Weddings are a target for the cheesy, overplayed, overdone songs of the world. With the right DJ, hopefully you won't run into too many playlist faux pas. But just to be sure, a "Do Not Play" list is a great way to avoid that.
There are several good reasons to give your music more than just a passing consideration, and figuring out what you don’t want is a major part of that. Here is why you should spend some time thinking about what you don't want played at your wedding:
You have a vision: Music is the lifeblood of any party, weddings especially. You're spending time, money and energy planning every detail of this day, so give your DJ or band some direction as to what you definitely want to avoid. If you're sick of hearing "YMCA" or Gloria Estefan's "Conga" at every wedding, bar mitzvah and school dance you’ve ever attended, you can skip it entirely for your own event.
You don't want surprises: Maybe you find the latest Top-40 hit offensive, or at least you know your grandma would. There are plenty of popular songs with potentially sensitive subject matter, so if there is something you know would make you or your guests uncomfortable, make sure to include that in your list. A great DJ company wouldn't play offensive music anyway, but it's important to over communicate.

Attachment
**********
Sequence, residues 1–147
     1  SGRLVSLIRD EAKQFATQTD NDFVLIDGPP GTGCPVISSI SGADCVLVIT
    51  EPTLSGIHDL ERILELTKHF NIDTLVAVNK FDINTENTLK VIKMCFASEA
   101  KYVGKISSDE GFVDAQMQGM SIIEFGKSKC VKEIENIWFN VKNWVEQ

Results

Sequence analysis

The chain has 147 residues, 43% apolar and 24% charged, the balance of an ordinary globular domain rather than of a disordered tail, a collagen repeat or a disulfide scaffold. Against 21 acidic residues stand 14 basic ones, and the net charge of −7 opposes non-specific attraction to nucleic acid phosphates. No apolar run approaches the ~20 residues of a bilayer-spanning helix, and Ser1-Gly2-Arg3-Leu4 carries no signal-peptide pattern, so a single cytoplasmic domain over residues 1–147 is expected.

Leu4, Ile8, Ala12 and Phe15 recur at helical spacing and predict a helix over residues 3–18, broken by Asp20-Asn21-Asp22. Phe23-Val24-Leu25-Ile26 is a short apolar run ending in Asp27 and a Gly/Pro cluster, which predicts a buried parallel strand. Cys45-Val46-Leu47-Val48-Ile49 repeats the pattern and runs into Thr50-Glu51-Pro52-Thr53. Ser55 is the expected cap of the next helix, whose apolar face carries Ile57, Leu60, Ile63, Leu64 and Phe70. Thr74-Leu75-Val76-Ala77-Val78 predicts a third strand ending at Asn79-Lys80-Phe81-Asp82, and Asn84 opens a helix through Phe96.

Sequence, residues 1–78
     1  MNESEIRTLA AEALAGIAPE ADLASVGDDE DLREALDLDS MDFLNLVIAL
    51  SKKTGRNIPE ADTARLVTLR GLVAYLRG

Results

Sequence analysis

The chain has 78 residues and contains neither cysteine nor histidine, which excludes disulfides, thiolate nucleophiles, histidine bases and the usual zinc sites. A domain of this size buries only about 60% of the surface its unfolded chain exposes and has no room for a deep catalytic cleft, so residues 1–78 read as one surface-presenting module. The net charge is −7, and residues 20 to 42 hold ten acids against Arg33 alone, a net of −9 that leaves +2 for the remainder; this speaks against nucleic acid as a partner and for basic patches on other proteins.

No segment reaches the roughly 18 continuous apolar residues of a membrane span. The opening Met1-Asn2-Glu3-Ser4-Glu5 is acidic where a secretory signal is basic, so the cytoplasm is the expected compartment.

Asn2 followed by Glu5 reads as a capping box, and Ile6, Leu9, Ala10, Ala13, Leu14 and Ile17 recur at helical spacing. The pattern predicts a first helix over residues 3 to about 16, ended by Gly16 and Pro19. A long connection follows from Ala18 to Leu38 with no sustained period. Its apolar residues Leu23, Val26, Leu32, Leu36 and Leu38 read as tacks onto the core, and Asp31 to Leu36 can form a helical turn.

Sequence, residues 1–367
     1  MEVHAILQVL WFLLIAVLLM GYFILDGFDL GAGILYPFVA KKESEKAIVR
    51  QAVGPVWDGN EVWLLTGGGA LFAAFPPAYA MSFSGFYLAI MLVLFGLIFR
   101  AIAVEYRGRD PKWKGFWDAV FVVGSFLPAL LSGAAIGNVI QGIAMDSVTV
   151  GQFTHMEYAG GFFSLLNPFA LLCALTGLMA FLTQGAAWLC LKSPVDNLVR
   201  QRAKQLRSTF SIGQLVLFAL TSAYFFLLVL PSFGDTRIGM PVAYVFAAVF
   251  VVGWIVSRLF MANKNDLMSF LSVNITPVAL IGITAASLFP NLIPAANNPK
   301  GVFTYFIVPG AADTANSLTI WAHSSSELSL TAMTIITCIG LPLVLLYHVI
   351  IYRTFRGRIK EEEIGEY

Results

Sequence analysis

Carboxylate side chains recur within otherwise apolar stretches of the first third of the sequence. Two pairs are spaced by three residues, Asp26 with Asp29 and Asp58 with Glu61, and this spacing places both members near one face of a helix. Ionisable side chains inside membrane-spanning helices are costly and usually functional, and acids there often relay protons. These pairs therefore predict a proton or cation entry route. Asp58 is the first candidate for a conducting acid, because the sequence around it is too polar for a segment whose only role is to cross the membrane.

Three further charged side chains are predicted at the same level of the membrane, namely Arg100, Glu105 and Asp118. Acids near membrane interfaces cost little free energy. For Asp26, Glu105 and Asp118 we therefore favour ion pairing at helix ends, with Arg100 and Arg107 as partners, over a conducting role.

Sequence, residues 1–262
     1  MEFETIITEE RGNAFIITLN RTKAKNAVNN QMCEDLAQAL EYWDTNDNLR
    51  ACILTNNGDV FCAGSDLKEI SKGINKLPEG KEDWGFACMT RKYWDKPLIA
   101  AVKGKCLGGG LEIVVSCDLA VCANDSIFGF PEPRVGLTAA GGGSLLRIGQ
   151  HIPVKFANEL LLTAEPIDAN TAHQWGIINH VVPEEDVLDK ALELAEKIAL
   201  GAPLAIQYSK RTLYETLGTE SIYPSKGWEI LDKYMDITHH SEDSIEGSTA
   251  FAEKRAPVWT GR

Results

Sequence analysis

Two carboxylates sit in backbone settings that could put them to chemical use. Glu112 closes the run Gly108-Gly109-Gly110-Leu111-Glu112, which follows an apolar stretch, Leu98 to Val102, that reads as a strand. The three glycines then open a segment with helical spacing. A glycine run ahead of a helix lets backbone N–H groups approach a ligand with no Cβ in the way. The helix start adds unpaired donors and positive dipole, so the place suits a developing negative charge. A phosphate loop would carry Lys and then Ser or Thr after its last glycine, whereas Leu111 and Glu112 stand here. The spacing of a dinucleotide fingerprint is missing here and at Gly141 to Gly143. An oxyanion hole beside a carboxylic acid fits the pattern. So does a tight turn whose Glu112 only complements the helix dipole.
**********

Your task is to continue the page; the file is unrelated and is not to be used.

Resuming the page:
You have limited time: You want the dance portion of the evening to be as fun and memorable as possible for you and your guests. You can only fit so many songs into the time you've booked, so make it easy for your DJ to fill it with music you do like. You know that you and your fiancé don't like synchronized dances? Cross them off the list, and you'll nix everything from the “YMCA” and the “Electric Slide” to the “Cha-Cha-Slide” and “Watch Me (Whip/Nae Nae),” saving yourself a ton of time.
You've considered your audience: You know your guests. If Taylor Swift's newest radio repeat isn't something that would get them dancing, cross it off the list. Or you know most of them really can’t stand country. You can cross an artist or genre entirely off your list to make things easier on yourself and your DJ.
Remember to be flexible: Now that we've established a "do not play" list is a must, make sure you don't go too overboard. Some of your guests are going to request those old-wedding stand-bys, so limit yourself to the ones you're most tired of hearing. Unless your DJ has a playlist cap, come up with one for yourself. Try not to go beyond 25 or so songs. Your DJ still needs options, and if your uncle is a huge "Jesse's Girl" fan and you aren't totally against it, don't worry about cutting it out.
5 songs to consider for your "Do Not Play" list:
o "Hotel California" - The Eagles
o "Celebration" - Kool and the Gang
o "Electric Boogie (The Electric Slide)" - Marcia Griffiths
o "Macarena" - Los Del Río
o "Hot in Herre" - Nelly